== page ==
Artist: Porcupine Tree
Album Title: Closer / Continuation
Label: Music For Nations
Date of Release: 24 June 2022
I want to start this review by being completely transparent and honest. I have never been a particularly big fan of Porcupine Tree. I have a few of their albums in my collection, but I cannot remember the last time that I actually chose to play any of them. I bought them because, as a fan of progressive rock, I felt that I had to have them in my collection. A couple of them are limited edition boxsets that have never even been opened. I even went to one of their shows once, at Norwich UEA, but I had to check my concert tickets to confirm that I wasn’t dreaming it.
My apathy isn’t for the want of trying though; in the past I have listened long and hard to the likes of ‘Fear Of A Blank Planet’, ‘Deadwing’, and ‘The Incident’ in the hope or expectation that I’d finally experience that moment of clarity, that magical feeling when the mists clear and you finally click with the music. But it never came with Porcupine Tree, unfortunately. The same could be said for most of Steven Wilson’s solo material, but that’s not as relevant to this review.
Part of the problem, I believe, is that the chosen melodies, and their chosen areas of experimentation just didn’t resonate as strongly as I wanted them to. Regardless of whether Porcupine delivered heavier, softer, more, or less progressive music, I drew much the same conclusion, that I was left unmoved and cold by large swathes of the material. It was maddening to begin with. I couldn’t accept that here I was, a fan of so much progressive music, and yet one of the most highly lauded bands in the prog rock world left me numb and largely disinterested. It is even more bizarre given how many bands they have inspired, most notably for me, Katatonia in the last fifteen years or so. Now though, I just accept that this might be a band with which I will never have that affinity in the same way as I’m not a big fan of other much-loved bands like Opeth and Tool. Well, I’ve almost made peace with this.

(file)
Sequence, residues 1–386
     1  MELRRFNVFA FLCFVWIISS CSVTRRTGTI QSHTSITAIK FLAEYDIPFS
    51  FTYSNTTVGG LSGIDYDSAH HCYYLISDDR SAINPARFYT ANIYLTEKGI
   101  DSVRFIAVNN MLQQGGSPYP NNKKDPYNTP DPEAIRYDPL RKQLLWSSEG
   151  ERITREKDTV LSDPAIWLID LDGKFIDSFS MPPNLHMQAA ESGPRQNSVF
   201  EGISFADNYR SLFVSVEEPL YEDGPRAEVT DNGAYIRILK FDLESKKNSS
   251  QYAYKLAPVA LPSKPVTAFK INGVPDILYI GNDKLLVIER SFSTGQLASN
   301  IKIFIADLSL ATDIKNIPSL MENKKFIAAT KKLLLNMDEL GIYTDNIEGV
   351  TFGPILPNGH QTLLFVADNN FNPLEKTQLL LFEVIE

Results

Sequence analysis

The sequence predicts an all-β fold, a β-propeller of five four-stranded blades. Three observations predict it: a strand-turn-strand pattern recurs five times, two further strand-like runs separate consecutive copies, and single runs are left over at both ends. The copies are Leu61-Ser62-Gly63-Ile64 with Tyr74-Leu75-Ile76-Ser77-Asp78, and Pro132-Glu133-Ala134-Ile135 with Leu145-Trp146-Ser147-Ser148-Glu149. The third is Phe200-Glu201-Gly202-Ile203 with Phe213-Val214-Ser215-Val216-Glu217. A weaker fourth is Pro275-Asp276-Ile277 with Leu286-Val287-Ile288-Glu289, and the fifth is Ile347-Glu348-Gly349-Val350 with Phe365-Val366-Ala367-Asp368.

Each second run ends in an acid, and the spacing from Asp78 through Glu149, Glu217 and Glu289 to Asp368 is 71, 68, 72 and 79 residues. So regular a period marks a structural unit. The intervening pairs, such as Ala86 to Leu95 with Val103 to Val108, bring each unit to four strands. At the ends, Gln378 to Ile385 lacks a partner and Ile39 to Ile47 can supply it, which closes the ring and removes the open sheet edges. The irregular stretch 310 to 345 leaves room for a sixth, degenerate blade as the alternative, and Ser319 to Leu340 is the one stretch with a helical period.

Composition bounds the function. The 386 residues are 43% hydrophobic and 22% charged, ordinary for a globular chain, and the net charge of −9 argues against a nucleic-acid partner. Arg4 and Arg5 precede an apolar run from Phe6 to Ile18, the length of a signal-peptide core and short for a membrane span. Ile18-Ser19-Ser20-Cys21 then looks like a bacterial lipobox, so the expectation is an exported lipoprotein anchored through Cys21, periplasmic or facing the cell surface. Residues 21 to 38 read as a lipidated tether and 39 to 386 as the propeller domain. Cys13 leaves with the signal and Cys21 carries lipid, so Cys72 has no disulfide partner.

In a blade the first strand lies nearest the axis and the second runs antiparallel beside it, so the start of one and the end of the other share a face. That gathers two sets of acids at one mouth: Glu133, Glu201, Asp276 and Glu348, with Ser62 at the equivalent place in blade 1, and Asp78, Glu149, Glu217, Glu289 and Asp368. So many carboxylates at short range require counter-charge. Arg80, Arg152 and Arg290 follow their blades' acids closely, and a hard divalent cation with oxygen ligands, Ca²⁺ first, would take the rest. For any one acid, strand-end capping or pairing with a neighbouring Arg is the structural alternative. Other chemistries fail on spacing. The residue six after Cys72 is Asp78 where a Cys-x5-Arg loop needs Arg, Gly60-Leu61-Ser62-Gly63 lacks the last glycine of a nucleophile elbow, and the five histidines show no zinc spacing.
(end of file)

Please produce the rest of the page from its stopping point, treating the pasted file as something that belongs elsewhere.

And that’s why, after much deliberation, I have decided to review ‘Closure / Continuation’, the long-awaited, brand-new album from Porcupine Tree, their first for some thirteen years. I wanted to give it one last go. Either I’ll finally love an album by the band, or I can rest easy, knowing that I have given them every chance of having an impact on my life. I fully realise that my opinion will have absolutely zero sway on most of you. You’ve either already bought ‘Closure/Continuation’, or you’re not going to go anywhere near it. I get that, but I’m writing this review anyway, for me. Read on, or dismiss the review, the choice is yours.
Once again, the situation is a complex one. I have listened many, many times to ‘Closure / Continuation’ ahead of this review and my opinion hasn’t drastically changed in that time. Undeniably, there is some great material to be heard, but there are also some parts of the album that I am definitely less keen on. And yet, there is something pulling me back to it, forcing me to listen again and again, even those tracks about which I am less positive about. Am I trying too hard, am I doing it out of a sense of obligation, or is there something genuinely interesting going on that is creating this apparent magnetism?
To be consistent with other reviews, and my personal views, I have to say that ‘Closure / Continuation’ is too long. When you factor in the bonus tracks, it runs for over 65 minutes, with four of the ten tracks clocking in at between seven and nearly ten minutes. I’m all for longer compositions if they offer value for their whole duration, but I can point to a few times on this album where this is not the case for me.
The first example is with ‘Harridan’, the eight-minute opening track. I like the funky intro and the clever musicianship in the early stages from Wilson, Richard Barbieri (keys) and Gavin Harrison (drums) that immediately signals that the band are on top form. I also like the surprisingly meaty guitar tones that deliver some heavier than expected riffage. I have even grown to like the chorus, which is a catchy affair once it digs its claws into you. But I suffer the same problem with the song every time I listen, be it on headphones whilst out on my bike, late at night whilst the kids are asleep, or when cranked up as company whilst I work in my home office. And this problem is that I always seem to lose focus in the middle section, only jolted back to the present with the return on the chorus near the end. I don’t think that the music is at all bad, but it just doesn’t hold my attention enough.